The Illustration Friday word of the week is water.
A shiny black enamel box of flat, dry paint and a cheap brush was my first introduction to watercolors. With an old jelly jar full of water and some equally cheap paper, I was probably painting horses. Wasn’t every young girl? My sister, the only one I had at that point (much later, another one came along) was in bed with chicken pox, or maybe tonsilitis. I looked at my very purple rinse water in that jelly jar and thought, just for a joke, I’d give it to her and tell her it was Welch’s grape juice. To my horror, I discovered later that she’d drunk the whole thing. I didn’t tell her until years later. I know so much more about Health & Safety relative to Art Materials now, and I do hope that there is forgiveness for that crime wherever artists go when they die…
Time lessens guilt and self-recrimination, and so I renewed my relationship with watercolors in high school. My twelfth grade art teacher was a short, energetic, balding man with a bushy mustache. Mr. Crocker put us through lots of interesting and creative mind-expanding exercises. We transferred magazine photographs with lighter fluid (probably illegal now) and turned them into collages, we drew portraits on paper and crumpled them up with staining inks to look vintage, we drew each other without once looking at the paper…and we painted trees outside on the quad with tiny watercolor palettes and cups of water. Watercolor and I didn’t hit it off. I was so bad, and my friend Kirk was so good, just naturally. I just couldn’t get the concept of “put the paint down and leave it alone.” I fussed and scrubbed, trying to make it look good, and it always dried looking like mud. Alas. Fortunately for my artistic self-esteem, most of my classmates also sucked at watercolor. And I was much better, I told myself, at other mediums.
Several years later watercolor made another appearance. I was on my honeymoon, complete with newly acquired, long-haired husband and vintage VW bus, cruising the first leg of our weeks-long trip up the coast of California to Canada. We had stopped at a garage for river-rafting inner tubes, and a hitchhiking hippie wanted to know if we’d take him along to Canada. My new husband immediately said yes. I should have immediately put my thumb out for the opposite direction on that freeway, but it took me seven long years and much more of the same difference of opinion about privacy to disengage. But I did buy my very first set of professional watercolors in an art supply store on that ‘honeymoon.’ A big splurge. I don’t actually remember using them, but I must have because a tiny tube of Ivory Black is the only one left, pinned to my studio wall, reminding me of that honeymoon and that Monterey, California art supply store.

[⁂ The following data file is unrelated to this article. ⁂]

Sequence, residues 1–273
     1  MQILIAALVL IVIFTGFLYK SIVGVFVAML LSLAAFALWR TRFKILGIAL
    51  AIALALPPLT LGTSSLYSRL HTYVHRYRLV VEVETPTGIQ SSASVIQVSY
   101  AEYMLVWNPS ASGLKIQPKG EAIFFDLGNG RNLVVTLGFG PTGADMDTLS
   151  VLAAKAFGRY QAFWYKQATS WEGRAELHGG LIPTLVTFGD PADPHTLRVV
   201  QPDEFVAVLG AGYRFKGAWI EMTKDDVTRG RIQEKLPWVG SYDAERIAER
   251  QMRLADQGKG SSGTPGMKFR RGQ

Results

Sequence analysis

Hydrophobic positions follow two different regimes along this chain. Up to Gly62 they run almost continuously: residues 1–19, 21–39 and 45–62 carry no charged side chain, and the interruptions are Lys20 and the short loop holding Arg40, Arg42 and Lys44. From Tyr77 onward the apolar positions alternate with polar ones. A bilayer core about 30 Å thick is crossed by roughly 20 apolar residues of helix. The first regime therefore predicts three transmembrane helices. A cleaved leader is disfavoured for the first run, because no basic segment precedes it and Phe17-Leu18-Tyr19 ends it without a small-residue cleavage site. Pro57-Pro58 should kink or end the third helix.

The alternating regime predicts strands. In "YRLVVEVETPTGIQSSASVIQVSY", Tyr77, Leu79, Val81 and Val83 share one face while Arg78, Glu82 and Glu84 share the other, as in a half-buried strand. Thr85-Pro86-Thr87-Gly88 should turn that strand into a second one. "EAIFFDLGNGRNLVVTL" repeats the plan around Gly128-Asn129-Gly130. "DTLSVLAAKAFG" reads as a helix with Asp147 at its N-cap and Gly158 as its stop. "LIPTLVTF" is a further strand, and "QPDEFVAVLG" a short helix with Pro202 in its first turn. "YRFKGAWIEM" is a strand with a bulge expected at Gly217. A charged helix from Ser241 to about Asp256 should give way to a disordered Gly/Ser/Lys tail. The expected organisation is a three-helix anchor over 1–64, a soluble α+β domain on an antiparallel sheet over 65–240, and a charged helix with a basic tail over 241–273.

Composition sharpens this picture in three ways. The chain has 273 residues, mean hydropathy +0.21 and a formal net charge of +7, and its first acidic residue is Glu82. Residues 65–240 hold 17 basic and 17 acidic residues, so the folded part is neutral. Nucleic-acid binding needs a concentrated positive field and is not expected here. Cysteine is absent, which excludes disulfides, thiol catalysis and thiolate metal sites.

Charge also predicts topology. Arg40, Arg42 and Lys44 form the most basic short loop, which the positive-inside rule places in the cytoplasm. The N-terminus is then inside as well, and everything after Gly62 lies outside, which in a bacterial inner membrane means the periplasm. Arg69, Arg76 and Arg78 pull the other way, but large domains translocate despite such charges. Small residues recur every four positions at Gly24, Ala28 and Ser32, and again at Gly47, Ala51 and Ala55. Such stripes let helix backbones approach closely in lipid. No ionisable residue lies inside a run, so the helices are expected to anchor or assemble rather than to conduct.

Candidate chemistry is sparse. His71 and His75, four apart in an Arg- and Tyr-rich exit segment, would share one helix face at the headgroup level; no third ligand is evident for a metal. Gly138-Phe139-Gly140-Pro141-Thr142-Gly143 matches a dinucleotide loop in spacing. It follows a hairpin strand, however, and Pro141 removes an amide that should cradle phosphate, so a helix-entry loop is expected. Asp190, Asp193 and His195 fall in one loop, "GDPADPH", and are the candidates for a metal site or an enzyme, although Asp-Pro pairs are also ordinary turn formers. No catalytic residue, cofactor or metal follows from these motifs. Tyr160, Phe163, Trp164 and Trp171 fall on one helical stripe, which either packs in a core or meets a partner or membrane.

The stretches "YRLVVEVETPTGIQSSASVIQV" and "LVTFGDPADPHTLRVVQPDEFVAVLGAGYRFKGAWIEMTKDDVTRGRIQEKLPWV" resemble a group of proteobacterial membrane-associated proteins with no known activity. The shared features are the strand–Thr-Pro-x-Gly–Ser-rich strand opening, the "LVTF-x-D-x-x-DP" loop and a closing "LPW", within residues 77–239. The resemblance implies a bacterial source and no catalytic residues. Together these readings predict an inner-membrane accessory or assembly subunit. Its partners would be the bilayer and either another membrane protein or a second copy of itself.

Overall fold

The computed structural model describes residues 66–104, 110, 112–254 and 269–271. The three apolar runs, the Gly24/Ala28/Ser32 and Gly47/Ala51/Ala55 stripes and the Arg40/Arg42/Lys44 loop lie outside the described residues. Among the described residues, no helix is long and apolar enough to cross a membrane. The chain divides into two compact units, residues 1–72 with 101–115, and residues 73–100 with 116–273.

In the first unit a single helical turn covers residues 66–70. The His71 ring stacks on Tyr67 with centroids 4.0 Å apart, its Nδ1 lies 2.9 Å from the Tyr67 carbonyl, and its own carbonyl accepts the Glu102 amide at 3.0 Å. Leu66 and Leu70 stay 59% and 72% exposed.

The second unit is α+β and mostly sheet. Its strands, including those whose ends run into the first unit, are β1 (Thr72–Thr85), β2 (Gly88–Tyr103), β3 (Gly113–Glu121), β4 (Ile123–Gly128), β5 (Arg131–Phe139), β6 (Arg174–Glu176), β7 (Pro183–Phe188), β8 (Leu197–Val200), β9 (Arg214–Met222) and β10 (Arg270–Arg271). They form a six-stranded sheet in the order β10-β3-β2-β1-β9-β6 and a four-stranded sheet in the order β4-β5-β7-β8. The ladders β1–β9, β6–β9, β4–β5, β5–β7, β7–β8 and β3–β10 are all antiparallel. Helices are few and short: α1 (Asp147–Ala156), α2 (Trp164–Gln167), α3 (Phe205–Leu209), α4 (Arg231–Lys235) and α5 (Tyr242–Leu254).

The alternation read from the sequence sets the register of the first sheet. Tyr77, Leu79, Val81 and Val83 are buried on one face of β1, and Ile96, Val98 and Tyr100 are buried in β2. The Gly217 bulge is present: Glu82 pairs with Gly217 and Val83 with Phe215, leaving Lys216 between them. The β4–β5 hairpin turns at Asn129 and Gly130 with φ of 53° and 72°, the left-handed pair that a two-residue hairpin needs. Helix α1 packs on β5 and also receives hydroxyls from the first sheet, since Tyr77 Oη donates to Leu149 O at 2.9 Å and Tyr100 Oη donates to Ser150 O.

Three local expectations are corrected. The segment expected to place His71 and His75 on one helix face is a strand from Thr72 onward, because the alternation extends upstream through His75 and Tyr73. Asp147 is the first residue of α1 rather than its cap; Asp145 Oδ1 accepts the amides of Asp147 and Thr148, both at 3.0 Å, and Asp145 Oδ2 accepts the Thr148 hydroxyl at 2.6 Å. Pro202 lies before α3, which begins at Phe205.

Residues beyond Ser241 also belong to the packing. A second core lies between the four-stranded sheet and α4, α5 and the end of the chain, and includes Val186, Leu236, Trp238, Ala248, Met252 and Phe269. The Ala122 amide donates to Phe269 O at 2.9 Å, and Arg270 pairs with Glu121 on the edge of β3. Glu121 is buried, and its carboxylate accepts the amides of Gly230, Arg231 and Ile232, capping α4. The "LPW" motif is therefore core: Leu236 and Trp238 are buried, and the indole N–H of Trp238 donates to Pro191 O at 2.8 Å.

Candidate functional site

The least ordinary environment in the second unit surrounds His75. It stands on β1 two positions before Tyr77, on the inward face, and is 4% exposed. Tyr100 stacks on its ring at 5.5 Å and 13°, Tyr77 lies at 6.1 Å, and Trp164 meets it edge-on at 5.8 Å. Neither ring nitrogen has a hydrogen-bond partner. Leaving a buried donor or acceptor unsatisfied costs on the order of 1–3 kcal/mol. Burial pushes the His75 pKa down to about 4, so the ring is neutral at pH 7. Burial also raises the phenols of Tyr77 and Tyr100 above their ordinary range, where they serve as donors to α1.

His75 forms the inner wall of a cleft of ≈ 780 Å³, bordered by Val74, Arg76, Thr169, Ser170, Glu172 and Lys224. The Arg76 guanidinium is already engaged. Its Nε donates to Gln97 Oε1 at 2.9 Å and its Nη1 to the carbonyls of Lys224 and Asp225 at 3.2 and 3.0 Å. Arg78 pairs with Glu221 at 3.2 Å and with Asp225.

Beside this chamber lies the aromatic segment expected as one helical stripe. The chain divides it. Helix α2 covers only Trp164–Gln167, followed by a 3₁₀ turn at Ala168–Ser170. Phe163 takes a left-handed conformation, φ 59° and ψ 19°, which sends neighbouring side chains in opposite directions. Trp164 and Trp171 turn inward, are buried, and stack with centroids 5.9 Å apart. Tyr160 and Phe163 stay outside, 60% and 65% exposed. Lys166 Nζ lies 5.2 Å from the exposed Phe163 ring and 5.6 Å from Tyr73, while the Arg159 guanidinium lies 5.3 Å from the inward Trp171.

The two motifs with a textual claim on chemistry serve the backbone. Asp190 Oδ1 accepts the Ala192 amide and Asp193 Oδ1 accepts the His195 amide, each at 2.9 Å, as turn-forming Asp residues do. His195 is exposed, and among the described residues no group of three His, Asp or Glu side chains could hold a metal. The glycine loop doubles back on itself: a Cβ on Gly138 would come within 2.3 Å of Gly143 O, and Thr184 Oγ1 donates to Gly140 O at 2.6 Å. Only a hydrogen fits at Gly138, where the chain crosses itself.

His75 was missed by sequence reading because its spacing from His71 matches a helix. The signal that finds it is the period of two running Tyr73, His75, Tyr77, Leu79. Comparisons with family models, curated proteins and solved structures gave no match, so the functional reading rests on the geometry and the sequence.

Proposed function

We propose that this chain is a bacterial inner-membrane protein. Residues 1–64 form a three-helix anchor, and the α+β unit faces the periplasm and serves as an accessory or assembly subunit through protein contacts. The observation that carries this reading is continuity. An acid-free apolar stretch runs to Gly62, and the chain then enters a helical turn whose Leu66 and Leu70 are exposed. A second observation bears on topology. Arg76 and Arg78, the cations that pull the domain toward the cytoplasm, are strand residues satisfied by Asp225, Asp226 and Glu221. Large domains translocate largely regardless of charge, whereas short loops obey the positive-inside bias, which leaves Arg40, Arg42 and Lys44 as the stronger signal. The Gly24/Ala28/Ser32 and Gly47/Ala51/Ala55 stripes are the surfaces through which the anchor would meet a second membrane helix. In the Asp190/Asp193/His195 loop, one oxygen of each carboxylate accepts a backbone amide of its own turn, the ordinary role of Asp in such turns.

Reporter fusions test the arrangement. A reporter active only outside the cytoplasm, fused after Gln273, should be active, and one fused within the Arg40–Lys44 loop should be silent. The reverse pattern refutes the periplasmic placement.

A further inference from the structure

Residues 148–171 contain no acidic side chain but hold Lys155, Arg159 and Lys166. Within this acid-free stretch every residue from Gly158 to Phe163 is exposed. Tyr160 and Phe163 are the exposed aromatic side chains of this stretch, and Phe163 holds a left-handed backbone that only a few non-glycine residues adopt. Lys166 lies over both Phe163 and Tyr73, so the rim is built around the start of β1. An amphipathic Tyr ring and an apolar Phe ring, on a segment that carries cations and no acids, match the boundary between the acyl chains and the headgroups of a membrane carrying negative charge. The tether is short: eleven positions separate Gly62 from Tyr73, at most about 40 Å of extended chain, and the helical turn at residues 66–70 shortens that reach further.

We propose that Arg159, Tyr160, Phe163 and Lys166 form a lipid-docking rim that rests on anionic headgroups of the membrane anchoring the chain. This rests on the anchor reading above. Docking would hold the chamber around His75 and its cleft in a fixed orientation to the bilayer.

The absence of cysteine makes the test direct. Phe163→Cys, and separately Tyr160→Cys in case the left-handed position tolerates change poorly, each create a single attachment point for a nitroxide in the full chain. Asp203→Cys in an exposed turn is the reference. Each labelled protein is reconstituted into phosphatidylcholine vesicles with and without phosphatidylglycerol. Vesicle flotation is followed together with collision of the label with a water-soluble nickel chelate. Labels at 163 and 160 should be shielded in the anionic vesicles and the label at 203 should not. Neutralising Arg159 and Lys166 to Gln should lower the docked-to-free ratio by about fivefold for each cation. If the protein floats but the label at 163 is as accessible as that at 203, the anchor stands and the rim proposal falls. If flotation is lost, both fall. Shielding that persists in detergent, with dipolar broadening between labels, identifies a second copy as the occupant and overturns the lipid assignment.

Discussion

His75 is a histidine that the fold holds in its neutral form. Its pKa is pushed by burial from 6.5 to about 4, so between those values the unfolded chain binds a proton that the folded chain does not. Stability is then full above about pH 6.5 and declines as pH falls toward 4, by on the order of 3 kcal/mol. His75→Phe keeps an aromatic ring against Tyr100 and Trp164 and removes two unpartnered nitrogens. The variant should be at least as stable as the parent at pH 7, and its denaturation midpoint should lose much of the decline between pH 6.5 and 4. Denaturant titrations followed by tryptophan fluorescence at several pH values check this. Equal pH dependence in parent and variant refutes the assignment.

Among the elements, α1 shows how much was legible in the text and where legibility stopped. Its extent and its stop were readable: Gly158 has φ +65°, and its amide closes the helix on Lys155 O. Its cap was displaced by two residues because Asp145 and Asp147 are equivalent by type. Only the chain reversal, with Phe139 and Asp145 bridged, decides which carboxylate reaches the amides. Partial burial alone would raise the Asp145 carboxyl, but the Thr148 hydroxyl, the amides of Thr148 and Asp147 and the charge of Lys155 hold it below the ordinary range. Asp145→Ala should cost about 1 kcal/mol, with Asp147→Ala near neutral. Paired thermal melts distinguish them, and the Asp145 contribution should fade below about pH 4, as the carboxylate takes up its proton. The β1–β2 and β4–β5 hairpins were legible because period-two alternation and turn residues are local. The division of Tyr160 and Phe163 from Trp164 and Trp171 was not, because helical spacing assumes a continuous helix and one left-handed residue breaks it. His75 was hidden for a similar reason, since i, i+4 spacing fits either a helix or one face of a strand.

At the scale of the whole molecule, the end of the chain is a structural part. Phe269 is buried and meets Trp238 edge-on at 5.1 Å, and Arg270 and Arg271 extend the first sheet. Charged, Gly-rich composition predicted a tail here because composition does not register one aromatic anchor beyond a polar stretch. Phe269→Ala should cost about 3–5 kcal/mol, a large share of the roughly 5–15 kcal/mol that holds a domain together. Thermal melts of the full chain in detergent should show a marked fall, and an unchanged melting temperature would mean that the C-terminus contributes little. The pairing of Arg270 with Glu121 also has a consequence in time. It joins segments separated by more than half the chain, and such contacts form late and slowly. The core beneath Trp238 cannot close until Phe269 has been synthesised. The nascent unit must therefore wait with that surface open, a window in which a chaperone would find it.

Fast forward many, many more years to a two-year Energy Healing class. (Yes, still California.) We’re sitting in meditation, asking for a word or a symbol for what our True Work is to be. I am a fully fledged artist by now, with years of fine art and commercial art experience (and sales) under my belt. Though I’m not aware of it, a Mid-Life Crisis is about to descend upon me, and my parents are about to descend into their twilight years. I will spend most of the next two years wrestling with old and infirm parents, state medical forms, doctor’s visits, hospitals and airplane flights. And spending much of the rest of the time in a tiny room, late at night, with a new watercolor palette and a stack of Arizona library books about watercolor. But in that meditating moment in California, I seem to be a relatively secure oil painter, following my artistic nose to success. I don’t see any of that other stuff coming at all.